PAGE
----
| Booze |

The Infinite Monkey Theorem winery gets major love from Wine Spectator

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Valentine's Day came early for Ben Parsons, winemaker/owner of the Infinite Monkey Theorem winery. Not in the form of chocolate-covered corkscrews or any other such frippery; the gift he received was something every Colorado winemaker has been pining away for: a Wine Spectator score of 88 points.

So when Parsons discovered last Friday afternoon that his 2008 100th Monkey bottling -- a ripe, spicy blend of four grapes -- had earned the first 88-point review in the history of Colorado wines, he was justifiably stoked.

"Yeah, I came in and saw it on Friday and was like, 'Oh, cool!'" Parsons says. "I've been sending wines to Wine Spectator forever, and it seems like they always pass over fledgling wine regions, but it seems like it always takes just one person to shift it...like that guy from the band Tool [lead singer turned winery owner Maynard James Keenan] who put Arizona wines on the map."

When we asked Parsons why he thought the 100th Monkey was the first wine to crack the 87-point Wine Spectator ceiling, his proud-papa vibes were in full force. "It's a pretty exceptional wine -- the best wine I've ever made," he insists. "I got an 87 for my syrah last year, so the 100th Monkey got only one more point, but I feel like there's some kind of logarithmic scale over at Wine Spectator where that single point really equals a great deal more than that. And I still think they're scoring them lower than they deserve to be," he adds.

Even getting Wine Spectator to review his wines in the first place was no small feat. "You literally just fill out a form saying what the wine is and what varietals it's got and send it in hoping that they'll review it," reveals Parsons. "They never actually tell you they're going to review it, so I just type in 'Infinite Monkey Theorem' occasionally and see if anything comes up."

The praise held even more meaning for Parsons given that the 100th Monkey bottling is made exclusively from grapes yielded during the winery's first harvest. "Other Colorado wineries have been around for a long time; for a winery that's been around ten years, maybe it doesn't mean as much as a winery that gets one straight after coming on the scene," he muses.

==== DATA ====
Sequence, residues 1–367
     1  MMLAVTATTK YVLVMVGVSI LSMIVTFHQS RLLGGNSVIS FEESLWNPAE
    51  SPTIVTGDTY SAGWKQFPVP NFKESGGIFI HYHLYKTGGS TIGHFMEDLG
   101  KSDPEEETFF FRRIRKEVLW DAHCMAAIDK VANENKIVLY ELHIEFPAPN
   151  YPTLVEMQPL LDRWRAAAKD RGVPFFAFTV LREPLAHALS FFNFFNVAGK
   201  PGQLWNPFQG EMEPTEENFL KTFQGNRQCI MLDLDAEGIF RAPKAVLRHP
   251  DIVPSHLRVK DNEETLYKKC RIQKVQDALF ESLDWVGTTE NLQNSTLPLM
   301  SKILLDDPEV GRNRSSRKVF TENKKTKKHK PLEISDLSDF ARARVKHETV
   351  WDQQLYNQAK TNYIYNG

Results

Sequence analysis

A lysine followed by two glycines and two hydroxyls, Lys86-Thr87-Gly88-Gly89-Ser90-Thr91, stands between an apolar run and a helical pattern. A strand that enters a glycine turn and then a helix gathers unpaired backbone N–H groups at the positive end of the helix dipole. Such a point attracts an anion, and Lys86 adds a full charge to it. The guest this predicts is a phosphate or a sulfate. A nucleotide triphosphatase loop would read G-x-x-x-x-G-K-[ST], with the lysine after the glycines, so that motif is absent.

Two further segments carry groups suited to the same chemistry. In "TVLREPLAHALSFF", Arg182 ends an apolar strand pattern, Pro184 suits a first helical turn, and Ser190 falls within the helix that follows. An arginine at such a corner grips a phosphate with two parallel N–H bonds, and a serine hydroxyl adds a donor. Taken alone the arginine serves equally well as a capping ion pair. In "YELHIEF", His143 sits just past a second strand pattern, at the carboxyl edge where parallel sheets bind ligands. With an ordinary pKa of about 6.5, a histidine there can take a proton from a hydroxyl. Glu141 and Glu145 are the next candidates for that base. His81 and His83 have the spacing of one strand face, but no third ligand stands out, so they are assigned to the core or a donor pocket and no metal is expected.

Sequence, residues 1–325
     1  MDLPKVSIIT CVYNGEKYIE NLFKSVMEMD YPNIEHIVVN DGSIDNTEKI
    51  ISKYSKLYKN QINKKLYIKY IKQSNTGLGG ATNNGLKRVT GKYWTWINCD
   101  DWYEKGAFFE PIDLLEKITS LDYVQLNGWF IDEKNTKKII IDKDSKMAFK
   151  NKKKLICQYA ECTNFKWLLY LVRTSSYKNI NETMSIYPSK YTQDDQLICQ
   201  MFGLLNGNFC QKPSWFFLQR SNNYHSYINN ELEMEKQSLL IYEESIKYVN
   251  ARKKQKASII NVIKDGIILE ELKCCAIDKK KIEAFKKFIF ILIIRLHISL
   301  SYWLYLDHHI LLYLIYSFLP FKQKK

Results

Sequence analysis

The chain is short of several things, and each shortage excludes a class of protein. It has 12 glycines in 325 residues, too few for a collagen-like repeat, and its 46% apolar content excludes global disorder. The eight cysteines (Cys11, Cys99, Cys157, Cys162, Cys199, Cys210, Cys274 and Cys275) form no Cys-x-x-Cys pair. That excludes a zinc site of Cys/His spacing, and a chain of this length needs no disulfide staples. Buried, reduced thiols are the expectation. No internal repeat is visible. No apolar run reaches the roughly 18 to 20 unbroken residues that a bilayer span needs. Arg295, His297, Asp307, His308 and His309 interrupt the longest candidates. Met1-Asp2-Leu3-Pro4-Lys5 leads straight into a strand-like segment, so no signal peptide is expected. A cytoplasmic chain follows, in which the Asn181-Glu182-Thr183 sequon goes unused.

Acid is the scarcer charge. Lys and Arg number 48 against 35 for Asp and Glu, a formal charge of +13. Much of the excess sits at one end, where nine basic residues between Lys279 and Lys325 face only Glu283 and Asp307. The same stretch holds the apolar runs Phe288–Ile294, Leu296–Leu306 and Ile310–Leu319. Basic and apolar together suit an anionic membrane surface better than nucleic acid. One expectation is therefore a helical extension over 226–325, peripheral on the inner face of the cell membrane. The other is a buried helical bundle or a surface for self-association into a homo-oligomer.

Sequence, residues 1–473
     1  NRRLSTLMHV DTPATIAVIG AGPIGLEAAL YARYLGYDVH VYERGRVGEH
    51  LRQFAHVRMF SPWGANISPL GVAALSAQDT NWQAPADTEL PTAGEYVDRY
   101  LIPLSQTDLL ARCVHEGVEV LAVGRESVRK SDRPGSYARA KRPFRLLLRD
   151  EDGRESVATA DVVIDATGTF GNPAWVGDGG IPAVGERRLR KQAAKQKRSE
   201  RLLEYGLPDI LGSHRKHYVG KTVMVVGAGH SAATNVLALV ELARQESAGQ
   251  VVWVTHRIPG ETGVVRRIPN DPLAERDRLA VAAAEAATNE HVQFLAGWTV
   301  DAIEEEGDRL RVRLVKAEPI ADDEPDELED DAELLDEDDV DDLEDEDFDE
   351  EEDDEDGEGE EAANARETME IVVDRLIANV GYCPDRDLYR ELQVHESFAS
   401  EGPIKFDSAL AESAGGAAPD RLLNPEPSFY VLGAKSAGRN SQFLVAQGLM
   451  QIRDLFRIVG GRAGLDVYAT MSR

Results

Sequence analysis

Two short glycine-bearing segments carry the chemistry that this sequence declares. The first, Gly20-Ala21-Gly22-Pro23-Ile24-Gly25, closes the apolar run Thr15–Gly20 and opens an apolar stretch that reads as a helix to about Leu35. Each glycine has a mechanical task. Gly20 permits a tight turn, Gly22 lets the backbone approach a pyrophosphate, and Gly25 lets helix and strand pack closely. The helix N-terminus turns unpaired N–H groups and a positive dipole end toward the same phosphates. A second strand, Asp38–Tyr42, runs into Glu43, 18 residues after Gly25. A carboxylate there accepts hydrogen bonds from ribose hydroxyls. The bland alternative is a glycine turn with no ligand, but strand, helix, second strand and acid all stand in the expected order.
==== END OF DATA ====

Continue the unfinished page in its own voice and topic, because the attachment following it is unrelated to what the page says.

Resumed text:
The 100th Monkey's quasi-Bordeaux, Rhône-ish style blend showcases 100 percent Palisades-sourced fruit; the informing grape is petit verdot (making up 40 percent of the mix), with the rest split equally among malbec, syrah and petite syrah. Why that particular mix? Parsons let us in on a little secret. "I've always liked blends; it's always fun to see how they can come together. But it's really just a trial and error process," he confesses.

Turns out his approach to making the wine was as unorthodox as its name. "It's pretty cool. We made the four varietals separately, and then we tasted every single barrel in the winery and initially tried to pick out the best samples of each and make the blend from there," he says. "That didn't work, because they were so good on their own, but they didn't work as well together. The petit verdot stood out, so I decided it would be the backbone of the wine."

A quick Google search of the term "100th monkey" pointed straightaway to a Wikipedia entry titled "Hundredth Monkey Effect," a "supposed phenomenon in which a learned behavior spreads instantaneously from one group of monkeys to all related monkeys once a critical number is reached." So was that the inspiration for the wine? "Yes, it was a name that we were definitely looking to use," admits Parsons. "I always tell that story at winery tours and dinners. The whole idea is maybe that after the 100th person tries Infinite Monkey Theorem wines, that there will be a tipping point. And it's been cool to see the growth, now that lots of restaurants and wine stores are carrying our wines."

Still, the 88-point score doesn't seem to have gone to Parsons's head. "I don't think it will affect how we make wine; if they give me a good score, then that's great," he says, "but it's not like the phone's ringing off the hook based on the review. You could start resting on your laurels, but that's never gonna happen with me."

His award, Parsons notes, is good for the Colorado wine industry as a whole. "Hopefully now there can be more similar scores; it's time to get recognition for good [Colorado] wines."

We'll drink to that.

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